Everything about this place is gorgeous — the retro-moderne exterior, the interior with bold red and yellow walls and chrome accents everywhere. The store itself stocks a collectable range of merchandise. Browse bins of records, unique books, tee shirts, pins, matchbooks. You’ll be amazed by exquisite boxed sets of recordings. Everything about Third Man is designed and executed with spirit and daring.
I wasn’t allowed to photograph the spaces beyond the shop, where the red-black-yellow motif continues through a hall with Jack White concert posters varnished to the wall. Our guide led us past the vintage kitchen (more polished chrome), past a lounge with sofa and a coffee table covered with a huge rhino skull (or was it a triceritops fossil?).
Even the warehouse has design game, with orderly racks and boxes on one side, and on the other, balcony with faux motel numbered doors (and some bullet holes), as though you were on tour and this the dive where you would crash.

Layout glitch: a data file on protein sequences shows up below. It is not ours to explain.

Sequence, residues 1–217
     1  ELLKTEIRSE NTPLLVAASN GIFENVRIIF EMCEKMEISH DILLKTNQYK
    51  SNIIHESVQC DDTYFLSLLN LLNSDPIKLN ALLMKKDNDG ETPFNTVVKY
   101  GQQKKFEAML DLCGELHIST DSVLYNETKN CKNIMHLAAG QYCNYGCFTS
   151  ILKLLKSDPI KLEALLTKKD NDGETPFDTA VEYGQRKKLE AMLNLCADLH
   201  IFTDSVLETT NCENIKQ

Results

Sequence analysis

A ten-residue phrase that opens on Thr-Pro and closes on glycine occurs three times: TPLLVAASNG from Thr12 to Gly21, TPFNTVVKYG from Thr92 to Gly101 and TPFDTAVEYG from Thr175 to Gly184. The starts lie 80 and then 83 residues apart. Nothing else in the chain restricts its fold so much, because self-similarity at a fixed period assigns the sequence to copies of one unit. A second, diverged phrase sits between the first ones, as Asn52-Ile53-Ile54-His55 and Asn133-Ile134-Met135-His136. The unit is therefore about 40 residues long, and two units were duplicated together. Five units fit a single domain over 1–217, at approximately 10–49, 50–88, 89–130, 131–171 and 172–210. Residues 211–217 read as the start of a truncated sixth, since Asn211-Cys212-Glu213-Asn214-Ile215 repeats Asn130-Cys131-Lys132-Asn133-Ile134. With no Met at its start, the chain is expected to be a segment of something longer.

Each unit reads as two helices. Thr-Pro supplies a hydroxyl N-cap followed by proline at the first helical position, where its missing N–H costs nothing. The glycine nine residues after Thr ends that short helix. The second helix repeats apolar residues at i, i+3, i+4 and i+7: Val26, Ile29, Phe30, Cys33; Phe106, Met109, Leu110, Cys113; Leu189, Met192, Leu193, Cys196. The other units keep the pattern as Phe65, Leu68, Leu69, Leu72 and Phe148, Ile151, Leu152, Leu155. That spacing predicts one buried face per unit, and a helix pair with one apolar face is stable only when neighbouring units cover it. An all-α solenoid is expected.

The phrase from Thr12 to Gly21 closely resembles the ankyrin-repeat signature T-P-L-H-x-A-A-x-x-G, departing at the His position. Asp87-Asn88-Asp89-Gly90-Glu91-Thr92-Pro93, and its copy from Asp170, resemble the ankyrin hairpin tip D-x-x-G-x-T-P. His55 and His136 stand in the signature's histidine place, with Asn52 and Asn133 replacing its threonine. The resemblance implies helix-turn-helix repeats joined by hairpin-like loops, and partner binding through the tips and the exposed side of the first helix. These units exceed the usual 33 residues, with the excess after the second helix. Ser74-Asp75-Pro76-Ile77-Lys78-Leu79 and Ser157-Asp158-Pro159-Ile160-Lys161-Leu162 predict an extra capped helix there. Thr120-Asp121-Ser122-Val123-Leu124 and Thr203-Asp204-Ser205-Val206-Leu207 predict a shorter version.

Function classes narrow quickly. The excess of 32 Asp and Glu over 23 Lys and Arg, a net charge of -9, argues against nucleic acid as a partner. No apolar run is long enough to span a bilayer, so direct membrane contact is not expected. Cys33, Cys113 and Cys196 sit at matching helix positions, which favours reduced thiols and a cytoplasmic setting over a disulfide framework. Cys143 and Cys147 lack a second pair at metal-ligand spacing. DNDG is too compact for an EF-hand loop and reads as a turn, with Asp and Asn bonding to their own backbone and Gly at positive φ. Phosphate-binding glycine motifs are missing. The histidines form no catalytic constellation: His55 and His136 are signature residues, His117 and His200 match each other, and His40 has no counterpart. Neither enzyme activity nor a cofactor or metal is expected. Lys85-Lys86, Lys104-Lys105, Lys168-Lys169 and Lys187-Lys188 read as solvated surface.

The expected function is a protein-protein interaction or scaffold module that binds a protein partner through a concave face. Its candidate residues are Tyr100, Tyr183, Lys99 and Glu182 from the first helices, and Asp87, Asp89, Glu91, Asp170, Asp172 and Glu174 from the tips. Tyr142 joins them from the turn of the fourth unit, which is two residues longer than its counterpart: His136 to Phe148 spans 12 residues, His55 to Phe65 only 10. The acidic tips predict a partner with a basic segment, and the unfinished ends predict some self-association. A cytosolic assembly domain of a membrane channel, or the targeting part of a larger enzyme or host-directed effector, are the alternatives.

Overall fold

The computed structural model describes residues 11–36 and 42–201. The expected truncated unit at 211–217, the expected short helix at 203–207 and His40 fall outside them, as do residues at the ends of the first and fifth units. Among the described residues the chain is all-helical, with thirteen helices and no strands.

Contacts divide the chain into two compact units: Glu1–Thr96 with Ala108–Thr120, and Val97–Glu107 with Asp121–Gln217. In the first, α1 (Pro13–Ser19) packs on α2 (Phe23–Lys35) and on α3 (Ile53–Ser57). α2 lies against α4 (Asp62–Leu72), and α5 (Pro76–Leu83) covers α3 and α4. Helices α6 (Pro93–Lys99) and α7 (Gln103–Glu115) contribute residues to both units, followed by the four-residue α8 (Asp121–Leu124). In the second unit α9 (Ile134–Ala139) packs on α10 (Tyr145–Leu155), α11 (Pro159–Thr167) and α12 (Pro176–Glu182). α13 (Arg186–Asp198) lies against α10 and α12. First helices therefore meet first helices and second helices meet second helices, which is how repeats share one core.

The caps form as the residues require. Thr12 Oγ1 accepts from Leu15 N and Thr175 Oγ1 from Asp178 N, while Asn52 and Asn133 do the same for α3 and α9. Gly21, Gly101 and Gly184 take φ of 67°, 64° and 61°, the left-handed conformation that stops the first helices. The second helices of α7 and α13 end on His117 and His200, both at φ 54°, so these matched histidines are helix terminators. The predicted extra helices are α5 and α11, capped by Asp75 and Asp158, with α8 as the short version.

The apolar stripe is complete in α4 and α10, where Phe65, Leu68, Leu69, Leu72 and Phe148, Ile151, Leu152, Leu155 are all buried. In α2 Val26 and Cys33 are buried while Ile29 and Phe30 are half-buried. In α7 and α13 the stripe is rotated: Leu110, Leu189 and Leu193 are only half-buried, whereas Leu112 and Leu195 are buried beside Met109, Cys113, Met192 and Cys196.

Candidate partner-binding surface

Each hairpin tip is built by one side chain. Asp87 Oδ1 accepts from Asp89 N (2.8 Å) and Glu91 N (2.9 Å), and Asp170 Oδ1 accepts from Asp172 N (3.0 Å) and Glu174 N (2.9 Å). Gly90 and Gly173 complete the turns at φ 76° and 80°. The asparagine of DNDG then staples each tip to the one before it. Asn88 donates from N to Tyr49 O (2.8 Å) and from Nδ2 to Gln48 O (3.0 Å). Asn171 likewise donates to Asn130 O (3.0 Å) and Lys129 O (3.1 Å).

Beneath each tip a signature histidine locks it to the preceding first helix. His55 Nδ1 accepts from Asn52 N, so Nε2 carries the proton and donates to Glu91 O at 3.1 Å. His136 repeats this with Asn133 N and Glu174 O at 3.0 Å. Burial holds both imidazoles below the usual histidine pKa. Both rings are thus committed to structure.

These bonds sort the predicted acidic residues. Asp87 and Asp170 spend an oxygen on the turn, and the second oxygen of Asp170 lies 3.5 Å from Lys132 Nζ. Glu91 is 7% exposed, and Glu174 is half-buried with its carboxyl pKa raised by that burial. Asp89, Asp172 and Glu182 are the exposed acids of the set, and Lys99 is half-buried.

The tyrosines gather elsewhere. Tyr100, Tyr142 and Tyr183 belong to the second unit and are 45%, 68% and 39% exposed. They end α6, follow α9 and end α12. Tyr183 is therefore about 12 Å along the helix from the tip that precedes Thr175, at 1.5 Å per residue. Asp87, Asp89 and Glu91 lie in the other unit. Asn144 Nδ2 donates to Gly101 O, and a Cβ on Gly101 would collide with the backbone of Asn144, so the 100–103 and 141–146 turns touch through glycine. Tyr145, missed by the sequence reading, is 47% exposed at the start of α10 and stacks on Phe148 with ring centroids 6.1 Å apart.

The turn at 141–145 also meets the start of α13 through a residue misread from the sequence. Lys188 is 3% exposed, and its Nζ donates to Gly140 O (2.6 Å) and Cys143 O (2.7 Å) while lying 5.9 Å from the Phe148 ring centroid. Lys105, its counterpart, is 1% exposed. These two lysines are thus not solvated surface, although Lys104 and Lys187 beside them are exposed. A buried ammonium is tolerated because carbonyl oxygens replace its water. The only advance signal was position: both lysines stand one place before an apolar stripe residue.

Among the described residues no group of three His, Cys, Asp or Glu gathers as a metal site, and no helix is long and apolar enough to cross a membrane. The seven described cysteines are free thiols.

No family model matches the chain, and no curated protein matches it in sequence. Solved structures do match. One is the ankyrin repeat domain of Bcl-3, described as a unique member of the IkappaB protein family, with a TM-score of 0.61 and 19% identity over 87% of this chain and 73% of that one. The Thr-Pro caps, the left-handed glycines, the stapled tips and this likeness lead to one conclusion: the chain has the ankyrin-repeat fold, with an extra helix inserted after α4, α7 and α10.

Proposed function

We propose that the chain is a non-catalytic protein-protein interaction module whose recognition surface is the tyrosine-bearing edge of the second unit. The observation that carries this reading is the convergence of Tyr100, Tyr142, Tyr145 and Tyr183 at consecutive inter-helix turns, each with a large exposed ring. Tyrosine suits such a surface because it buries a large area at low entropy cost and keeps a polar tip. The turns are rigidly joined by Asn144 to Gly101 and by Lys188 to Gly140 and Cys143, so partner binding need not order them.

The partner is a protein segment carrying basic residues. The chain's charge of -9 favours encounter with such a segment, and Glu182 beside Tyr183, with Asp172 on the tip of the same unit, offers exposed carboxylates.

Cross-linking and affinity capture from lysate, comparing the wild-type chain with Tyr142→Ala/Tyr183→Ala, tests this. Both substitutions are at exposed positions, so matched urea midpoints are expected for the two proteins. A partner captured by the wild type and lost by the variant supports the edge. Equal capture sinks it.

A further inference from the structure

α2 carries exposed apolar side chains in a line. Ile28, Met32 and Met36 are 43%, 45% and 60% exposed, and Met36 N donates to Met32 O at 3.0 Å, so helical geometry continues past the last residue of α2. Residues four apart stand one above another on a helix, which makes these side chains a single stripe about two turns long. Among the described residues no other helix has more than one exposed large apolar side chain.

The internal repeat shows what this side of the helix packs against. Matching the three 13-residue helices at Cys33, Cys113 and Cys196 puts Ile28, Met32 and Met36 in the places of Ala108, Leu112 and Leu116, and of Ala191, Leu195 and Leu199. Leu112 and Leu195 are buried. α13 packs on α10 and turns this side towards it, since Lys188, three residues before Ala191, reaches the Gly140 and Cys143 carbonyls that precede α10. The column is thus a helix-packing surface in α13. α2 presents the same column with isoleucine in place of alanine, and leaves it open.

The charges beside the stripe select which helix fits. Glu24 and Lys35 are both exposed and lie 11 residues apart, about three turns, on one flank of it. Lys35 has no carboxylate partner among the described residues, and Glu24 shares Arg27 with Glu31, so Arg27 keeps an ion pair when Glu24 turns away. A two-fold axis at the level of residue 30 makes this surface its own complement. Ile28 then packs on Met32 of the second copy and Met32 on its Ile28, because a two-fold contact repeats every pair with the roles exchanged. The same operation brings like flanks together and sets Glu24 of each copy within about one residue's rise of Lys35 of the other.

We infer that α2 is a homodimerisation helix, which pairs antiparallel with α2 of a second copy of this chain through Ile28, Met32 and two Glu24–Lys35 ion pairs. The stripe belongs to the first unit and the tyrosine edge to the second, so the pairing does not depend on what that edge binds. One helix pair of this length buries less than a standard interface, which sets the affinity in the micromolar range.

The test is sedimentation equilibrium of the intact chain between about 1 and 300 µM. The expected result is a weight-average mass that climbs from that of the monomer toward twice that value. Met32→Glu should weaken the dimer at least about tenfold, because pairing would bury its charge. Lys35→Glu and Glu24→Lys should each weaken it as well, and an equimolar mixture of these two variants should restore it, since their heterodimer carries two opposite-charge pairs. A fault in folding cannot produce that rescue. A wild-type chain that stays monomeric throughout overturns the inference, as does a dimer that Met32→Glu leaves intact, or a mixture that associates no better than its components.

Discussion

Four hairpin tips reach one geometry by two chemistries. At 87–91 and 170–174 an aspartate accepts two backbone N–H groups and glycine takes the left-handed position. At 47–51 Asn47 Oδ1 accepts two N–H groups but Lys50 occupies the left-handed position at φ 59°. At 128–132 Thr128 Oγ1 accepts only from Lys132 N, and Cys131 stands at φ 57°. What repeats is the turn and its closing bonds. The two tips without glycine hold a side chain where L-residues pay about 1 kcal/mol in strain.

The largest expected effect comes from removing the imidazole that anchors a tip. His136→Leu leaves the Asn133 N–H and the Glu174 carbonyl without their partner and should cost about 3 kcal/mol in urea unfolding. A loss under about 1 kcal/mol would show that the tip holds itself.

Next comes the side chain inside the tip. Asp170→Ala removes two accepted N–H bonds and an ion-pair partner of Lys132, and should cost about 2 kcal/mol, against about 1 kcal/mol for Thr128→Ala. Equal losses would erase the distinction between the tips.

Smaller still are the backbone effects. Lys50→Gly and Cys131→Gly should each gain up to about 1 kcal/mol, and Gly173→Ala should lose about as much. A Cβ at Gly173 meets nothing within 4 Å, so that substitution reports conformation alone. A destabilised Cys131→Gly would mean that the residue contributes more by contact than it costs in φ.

I was very lucky to come home with The Stooges in my suitcase. I’ve always wanted a chance to get to know this band that so many list as the first to do punk or fuzzed-out guitar or Dub Step or . . . I can now testify: They are right! Ron Asheton has finally arrived in my personal list of greatest guitar players of all time.
The Third Man re-issue is pressed on a heavy grade vinyl that reminds me 78s. It is a real pleasure to put these platters on the turntable. Some of Third Man’s pressings are on different colors of vinyl, too. I’ve been drooling over the Paramount boxed sets. Look at the Wonder Cabinet (vol 1) or Volume 2. Seriously excellent!